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1 in 3 COVID survivors have ongoing mental health issues


WEDNESDAY, April 7, 2021 (HealthDay News) – Doctors are seeing such cases around the world: About a third of patients with COVID-19 develop ‘long-term’ neurological or psychiatric conditions months after being infected, according to news research .

The results suggest a link between COVID-19 and a higher risk of subsequent mental and neurological disorders, the researchers report.

The new analysis of data from more than 236,000 COVID-19 survivors focused on 14 neurological and mental health disorders. It found that 34% of patients were diagnosed with such disorders within six months of infection with the novel coronavirus.

Most commonly, these disorders ranged from anxiety disorders to substance abuse disorders, insomnia, cerebral hemorrhage, stroke and (much more rarely) dementia.

For 13% of these patients, it was their first diagnosis.

“Unfortunately, many of the disorders identified in this study tend to be chronic or recurring, so we can predict that the impact of COVID-19 could be with us for many years to come,” wrote Jonathan Rogers of University College. London, in an editorial. accompanying the new study. Both were published on April 6 in The Lancet Psychiatry.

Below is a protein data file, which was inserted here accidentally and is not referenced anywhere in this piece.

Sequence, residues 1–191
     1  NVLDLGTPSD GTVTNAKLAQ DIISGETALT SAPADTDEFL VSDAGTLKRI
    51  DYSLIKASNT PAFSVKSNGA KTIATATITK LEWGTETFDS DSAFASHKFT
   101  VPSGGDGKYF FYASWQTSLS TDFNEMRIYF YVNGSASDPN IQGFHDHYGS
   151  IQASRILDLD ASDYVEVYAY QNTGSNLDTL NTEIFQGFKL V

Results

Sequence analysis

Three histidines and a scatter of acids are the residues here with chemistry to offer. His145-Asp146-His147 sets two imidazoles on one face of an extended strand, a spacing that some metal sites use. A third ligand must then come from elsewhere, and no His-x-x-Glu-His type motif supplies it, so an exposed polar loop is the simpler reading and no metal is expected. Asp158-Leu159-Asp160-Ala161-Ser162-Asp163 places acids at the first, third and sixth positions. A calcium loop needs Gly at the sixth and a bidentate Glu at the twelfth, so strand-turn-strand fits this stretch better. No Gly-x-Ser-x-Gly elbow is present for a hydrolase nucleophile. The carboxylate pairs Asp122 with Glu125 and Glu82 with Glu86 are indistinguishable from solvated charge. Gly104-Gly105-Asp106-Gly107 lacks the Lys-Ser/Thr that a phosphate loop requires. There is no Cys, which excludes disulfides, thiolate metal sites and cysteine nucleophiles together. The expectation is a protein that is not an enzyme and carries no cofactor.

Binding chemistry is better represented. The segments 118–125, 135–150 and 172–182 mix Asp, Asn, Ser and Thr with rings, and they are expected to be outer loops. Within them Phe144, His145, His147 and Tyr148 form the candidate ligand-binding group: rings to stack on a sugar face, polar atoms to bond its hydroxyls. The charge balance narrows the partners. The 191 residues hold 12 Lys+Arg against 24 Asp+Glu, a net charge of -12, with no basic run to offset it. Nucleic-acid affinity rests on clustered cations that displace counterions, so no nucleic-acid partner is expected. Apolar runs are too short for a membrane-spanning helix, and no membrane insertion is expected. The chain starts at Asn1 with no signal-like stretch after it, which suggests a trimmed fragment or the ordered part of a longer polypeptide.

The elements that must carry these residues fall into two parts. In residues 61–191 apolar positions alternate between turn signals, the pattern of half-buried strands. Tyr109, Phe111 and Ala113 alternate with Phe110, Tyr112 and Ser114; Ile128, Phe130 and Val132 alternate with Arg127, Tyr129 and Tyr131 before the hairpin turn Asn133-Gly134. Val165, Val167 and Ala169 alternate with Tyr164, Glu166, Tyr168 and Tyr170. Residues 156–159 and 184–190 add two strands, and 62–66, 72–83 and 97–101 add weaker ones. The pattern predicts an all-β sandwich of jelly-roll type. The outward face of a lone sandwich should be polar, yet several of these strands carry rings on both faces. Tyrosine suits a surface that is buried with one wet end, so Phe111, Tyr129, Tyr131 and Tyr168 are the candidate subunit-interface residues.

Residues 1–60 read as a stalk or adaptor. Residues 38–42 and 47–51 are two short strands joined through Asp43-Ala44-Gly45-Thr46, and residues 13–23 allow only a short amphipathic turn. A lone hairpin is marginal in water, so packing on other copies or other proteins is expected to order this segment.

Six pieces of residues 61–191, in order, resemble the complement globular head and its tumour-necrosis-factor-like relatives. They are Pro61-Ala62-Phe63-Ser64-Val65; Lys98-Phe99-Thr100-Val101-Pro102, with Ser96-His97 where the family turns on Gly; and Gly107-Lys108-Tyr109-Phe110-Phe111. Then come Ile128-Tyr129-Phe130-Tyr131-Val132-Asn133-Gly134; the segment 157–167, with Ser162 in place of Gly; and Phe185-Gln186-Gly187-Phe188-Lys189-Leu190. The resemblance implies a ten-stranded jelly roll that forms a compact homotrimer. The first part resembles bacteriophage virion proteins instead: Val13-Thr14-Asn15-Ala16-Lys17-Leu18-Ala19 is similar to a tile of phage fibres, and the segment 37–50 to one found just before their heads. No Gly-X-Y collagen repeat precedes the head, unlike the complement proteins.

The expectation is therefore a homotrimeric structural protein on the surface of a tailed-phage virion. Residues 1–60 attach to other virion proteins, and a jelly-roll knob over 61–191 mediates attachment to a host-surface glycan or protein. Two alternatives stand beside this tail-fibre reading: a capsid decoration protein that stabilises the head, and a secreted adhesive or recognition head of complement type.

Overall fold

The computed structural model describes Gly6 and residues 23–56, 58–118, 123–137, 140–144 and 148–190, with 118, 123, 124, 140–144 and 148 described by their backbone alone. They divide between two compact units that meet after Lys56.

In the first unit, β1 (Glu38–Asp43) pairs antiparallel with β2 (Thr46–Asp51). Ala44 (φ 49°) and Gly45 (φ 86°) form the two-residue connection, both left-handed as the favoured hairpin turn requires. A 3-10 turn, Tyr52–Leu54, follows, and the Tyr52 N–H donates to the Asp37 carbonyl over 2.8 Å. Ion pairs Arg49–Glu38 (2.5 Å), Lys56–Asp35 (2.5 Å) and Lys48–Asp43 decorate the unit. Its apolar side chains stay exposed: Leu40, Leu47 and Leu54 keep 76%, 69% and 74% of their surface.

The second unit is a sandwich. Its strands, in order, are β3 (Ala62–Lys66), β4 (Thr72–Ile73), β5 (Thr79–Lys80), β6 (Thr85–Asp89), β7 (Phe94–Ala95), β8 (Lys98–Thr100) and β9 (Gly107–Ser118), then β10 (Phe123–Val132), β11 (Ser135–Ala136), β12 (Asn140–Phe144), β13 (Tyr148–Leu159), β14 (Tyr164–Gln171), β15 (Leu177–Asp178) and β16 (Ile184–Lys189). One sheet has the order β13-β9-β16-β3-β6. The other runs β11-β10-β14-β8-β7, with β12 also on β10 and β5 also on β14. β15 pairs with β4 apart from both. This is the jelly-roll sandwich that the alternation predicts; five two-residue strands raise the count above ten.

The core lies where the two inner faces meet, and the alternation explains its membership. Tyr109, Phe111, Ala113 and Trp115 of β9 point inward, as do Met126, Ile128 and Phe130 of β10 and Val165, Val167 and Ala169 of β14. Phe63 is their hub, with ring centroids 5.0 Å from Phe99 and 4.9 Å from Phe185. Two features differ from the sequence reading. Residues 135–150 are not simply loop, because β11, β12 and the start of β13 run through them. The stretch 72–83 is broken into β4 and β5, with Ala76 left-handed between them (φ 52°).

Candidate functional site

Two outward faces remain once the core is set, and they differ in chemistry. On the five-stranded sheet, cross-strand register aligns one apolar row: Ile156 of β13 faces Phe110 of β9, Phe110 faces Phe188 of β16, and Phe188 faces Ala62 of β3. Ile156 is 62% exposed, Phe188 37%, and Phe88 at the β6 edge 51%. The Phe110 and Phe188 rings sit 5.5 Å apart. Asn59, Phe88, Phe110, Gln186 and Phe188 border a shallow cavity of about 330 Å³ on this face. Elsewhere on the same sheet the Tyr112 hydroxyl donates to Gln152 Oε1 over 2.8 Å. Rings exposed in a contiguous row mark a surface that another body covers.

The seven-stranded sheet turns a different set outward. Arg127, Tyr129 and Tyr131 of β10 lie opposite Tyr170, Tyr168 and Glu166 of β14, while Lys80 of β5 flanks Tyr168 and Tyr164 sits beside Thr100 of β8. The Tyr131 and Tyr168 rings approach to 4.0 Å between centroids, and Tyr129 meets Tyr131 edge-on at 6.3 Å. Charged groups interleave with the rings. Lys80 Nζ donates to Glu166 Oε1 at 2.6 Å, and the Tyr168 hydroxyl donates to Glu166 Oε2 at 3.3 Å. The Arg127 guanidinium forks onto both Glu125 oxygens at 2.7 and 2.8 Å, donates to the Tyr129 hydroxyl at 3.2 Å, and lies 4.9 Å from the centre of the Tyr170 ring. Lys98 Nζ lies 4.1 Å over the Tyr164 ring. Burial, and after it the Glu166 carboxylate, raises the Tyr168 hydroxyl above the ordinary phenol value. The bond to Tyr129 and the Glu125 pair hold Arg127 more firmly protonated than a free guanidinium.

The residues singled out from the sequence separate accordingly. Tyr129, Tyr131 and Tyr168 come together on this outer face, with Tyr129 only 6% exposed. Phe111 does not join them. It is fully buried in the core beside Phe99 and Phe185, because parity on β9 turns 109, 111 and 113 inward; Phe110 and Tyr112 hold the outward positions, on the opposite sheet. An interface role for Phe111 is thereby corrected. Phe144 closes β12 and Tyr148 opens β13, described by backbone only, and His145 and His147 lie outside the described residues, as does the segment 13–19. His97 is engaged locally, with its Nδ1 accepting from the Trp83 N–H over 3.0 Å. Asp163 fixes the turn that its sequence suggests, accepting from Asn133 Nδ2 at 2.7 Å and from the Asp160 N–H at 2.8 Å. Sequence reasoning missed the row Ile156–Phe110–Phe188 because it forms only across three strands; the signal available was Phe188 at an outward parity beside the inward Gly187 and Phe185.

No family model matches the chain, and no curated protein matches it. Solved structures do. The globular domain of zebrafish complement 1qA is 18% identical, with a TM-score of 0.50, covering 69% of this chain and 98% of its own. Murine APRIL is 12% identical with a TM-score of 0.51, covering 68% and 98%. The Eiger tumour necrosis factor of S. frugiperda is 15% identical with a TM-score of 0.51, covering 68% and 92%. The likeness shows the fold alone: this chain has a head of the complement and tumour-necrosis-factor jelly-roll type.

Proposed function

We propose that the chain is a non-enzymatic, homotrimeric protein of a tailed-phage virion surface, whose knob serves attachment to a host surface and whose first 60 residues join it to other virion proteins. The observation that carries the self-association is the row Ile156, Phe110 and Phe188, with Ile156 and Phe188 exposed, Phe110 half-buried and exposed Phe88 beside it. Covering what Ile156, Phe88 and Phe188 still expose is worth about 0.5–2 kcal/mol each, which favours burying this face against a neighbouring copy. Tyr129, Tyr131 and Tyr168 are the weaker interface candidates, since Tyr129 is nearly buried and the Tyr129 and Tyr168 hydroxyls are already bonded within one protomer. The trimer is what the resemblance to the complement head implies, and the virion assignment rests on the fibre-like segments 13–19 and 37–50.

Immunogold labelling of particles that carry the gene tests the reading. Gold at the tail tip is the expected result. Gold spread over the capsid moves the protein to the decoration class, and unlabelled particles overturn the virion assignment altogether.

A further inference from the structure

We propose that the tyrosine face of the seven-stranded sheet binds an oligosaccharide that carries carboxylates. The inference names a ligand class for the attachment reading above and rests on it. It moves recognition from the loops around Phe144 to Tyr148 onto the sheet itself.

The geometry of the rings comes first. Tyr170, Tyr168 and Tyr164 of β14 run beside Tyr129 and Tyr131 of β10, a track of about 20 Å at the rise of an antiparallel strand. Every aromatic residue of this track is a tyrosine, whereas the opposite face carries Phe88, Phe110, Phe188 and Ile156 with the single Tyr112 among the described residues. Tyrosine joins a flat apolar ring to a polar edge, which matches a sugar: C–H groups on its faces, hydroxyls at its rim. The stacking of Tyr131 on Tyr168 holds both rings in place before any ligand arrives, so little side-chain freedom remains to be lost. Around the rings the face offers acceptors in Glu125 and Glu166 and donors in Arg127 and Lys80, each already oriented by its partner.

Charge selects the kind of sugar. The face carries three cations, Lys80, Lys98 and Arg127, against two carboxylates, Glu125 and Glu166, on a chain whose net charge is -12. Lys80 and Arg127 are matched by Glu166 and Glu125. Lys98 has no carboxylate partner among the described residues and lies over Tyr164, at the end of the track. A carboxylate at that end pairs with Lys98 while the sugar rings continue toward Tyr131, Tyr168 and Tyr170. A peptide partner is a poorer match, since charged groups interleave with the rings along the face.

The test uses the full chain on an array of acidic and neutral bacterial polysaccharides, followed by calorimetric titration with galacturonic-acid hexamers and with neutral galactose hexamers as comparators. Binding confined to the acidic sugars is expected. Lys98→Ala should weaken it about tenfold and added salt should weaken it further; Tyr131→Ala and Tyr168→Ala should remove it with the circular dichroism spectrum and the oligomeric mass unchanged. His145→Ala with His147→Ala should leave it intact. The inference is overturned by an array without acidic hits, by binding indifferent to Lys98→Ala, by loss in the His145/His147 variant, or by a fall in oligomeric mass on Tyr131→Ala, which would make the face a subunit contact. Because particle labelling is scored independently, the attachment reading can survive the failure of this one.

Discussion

An American expert who was not part of the study agreed.

“Services and resources will need to be allocated for this care,” said Dr. Andrew Rogove, medical director of stroke services at South Shore University Hospital in Bay Shore, NY.

The new study was led by Paul Harrison of the University of Oxford in England. His team looked at electronic health records to track the results of 236,379 patients with COVID-19, mostly from the United States.

About a third have had some sort of neurological or mental health problem within six months of their coronavirus infection. Anxiety (17%), mood disorders (14%), substance abuse disorders (7%) and insomnia (5%) were the most frequently diagnosed disorders, according to the team.

The overall rates of neurological problems were much lower, including 0.6% for cerebral hemorrhage, 2.1% for ischemic strokes and 0.7% for dementia.

Neurological conditions were more common in patients who had been seriously ill with COVID-19. For example, among patients admitted to intensive care, 7% had a stroke and nearly 2% were diagnosed with dementia, Harrison’s group reported.